There is a moment somewhere in the thick of The Late Shift — an amazing book detailing how NBC shafted David Letterman out of succeeding Johnny Carson on The Tonight Show — where Letterman considers an offer from the network to retake the show after Jay Leno has been doing it awhile.
Letterman is initially excited until a friend reminds him: They're not giving you Carson's legendary Tonight Show anymore. Letterman would get Leno's show; instead, he went to CBS.
And now, NBC seems poised to do the same thing to another rising star moving up from the wilds of late, late-night TV, Conan O'Brien.
O'Brien's last episode of his 12:35 a.m. Late Night show airs Friday, giving the carrot-topped comic 14 weeks to develop his own version of the Tonight Show for a June 1 debut. But NBC has also given Leno a 10 p.m. show this fall — weeks before a recent Harris poll named him TV's most popular personality — featuring his monologue, celebrity interviews and signature skits such as Jaywalking and Headlines.
So is O'Brien really getting the Tonight Show?
"Look, I like Jay and I don't want to be the guy who was in any way perceived as pushing Jay out. . . . I didn't want Jay's Tonight Show to end that way or mine to start that way," O'Brien said in Los Angeles last month. "I thought (Leno leaving) would just be bad for both of us."
But the transition, clumsy and ill-timed, looks to threaten an important part of the broadcast day where NBC still dominates. Saturday Night Live alum Jimmy Fallon debuts first, with his 12:35 a.m. Late Night starting March 2; Leno leaves May 29, only to return in the fall in the 10 p.m. slot.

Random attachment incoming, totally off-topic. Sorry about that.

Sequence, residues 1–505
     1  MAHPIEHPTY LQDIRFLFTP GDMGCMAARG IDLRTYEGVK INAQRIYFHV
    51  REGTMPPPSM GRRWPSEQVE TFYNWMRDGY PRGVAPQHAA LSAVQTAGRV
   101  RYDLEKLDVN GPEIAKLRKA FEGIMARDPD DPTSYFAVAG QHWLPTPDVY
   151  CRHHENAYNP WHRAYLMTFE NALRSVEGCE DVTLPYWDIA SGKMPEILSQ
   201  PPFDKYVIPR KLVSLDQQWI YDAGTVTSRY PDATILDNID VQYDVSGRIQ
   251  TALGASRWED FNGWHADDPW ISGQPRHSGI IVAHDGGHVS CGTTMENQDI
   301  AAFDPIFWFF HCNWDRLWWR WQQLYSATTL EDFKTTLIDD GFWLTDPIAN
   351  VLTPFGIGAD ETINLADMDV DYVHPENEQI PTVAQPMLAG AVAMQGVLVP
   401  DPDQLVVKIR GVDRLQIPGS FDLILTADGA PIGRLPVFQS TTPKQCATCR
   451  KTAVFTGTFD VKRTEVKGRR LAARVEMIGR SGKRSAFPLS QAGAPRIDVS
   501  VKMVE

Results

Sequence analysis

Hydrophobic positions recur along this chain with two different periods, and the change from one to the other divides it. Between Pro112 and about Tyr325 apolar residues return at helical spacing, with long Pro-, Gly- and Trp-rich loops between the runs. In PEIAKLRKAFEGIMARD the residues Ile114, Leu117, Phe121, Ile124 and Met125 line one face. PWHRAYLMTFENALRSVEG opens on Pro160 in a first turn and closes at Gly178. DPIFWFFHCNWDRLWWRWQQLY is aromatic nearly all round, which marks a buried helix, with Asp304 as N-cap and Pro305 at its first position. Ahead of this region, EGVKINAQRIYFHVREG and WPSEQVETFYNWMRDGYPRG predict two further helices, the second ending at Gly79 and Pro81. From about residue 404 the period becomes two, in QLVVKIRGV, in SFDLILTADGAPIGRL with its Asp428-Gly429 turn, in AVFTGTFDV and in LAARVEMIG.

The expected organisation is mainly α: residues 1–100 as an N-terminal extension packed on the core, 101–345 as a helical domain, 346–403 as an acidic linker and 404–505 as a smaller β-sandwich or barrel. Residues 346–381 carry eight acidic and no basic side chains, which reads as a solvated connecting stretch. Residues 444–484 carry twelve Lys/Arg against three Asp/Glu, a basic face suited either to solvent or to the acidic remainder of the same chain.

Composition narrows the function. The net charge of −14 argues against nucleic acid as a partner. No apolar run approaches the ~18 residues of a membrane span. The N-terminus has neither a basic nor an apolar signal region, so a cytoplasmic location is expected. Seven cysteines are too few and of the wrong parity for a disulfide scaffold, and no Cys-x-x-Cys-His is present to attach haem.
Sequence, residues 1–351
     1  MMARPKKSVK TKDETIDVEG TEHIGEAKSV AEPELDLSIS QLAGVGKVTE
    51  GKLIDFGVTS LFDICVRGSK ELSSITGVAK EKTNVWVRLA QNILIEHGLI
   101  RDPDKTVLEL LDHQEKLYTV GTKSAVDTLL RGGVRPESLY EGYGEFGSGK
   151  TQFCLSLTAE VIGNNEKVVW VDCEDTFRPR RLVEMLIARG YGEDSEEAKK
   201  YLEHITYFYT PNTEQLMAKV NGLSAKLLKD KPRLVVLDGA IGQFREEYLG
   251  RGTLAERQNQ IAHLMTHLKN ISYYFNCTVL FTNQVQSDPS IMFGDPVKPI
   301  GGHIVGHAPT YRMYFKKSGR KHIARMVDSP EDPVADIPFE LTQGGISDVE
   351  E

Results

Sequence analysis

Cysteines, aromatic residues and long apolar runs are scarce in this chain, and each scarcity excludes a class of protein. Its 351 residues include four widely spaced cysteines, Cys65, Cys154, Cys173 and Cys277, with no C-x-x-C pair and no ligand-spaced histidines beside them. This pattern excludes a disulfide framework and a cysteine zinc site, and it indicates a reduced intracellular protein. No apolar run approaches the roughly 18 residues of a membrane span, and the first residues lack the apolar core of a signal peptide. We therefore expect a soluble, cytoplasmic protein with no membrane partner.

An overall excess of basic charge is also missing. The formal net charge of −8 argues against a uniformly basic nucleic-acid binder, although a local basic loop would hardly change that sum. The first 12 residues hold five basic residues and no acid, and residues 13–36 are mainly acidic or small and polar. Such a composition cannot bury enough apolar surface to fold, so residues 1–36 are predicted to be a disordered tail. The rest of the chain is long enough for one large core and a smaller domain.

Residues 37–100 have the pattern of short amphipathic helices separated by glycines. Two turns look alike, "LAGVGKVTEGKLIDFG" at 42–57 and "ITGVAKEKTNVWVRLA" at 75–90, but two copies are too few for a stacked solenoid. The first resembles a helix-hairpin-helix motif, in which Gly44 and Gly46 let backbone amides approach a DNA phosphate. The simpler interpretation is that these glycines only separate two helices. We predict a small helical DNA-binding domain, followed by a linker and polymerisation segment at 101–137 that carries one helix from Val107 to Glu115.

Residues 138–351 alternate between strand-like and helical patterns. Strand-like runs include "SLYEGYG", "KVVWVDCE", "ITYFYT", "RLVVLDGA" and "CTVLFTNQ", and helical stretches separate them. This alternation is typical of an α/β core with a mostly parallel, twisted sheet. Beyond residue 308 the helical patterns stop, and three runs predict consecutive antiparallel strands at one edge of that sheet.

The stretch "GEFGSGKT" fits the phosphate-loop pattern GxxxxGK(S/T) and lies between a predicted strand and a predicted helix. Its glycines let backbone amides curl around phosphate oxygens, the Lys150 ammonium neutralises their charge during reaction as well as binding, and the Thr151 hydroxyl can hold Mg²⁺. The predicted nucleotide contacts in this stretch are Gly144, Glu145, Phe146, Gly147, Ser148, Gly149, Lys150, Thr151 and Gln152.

Critics predict CBS, fortified with Letterman and a steadily growing Late Late Show hosted by Craig Ferguson, will benefit most from the shuffle.
"If Jay Leno is a success at 10 p.m. . . . will people go to sleep after that because they've had their late-night (fix)?" said Peter Lassally, executive producer of Ferguson's show and the former Carson producer who reminded Letterman which Tonight Show NBC finally offered him. "I've always felt that the competition on a late-night show is not so much your opposition, but sleep."
Ferguson had a novel suggestion for critics tempted to parse all the possibilities now. "I challenge you: Give Jimmy a month before you review him," he told TV critics in January. "I've heard some negative stuff about Jimmy, which I find a little surprising given the fact he hasn't done anything yet. He's kind of like the reverse Barack Obama."
Sorry, Craig, but we can't wait that long.
Here's a quick list of who's expected to win — and lose — in the coming late-night shuffle.
With CBS expected to back up a money truck to keep him past the 2010 expiration of his latest contract, Letterman is poised to become the grand old man of late-night TV in a way he never could when Leno began beating him in the ratings many years ago.
The Scottish comic likes to say his show is growing in popularity because "we don't hide how crappy we are." But it's more likely viewers are drawn by his quick wit and a steadily improving format. Watch his opening monologue to see the 10 funniest minutes anywhere on network TV.
First, he outfoxes NBC by making them give him five hours of prime time each week instead of putting him out to pasture. Next, he creates a challenge a workaholic like him relishes: succeeding in prime time. Remember: He took only a couple of years to beat much better-regarded rival Letterman in the ratings.
No matter what he says publicly, everyone knows NBC essentially will move the best parts of Leno's Tonight Show to 10 p.m. this fall. And by moving to Los Angeles, O'Brien becomes just one more of six nighttime network talk show hosts based on the West Coast.
O'Brien got more than two years to stumble around at 12:35 a.m., making awful shows until he found his voice. With Ferguson and ABC's Jimmy Kimmel airing against him, Fallon likely won't get nearly that much time.
Conventional wisdom says he'll gain viewers disenchanted by the moves at NBC. But Leno didn't make the move to ABC, leaving Kimmel with newsmagazine Nightline as an odd lead-in and little possibility he can soon move up to 11:35 p.m.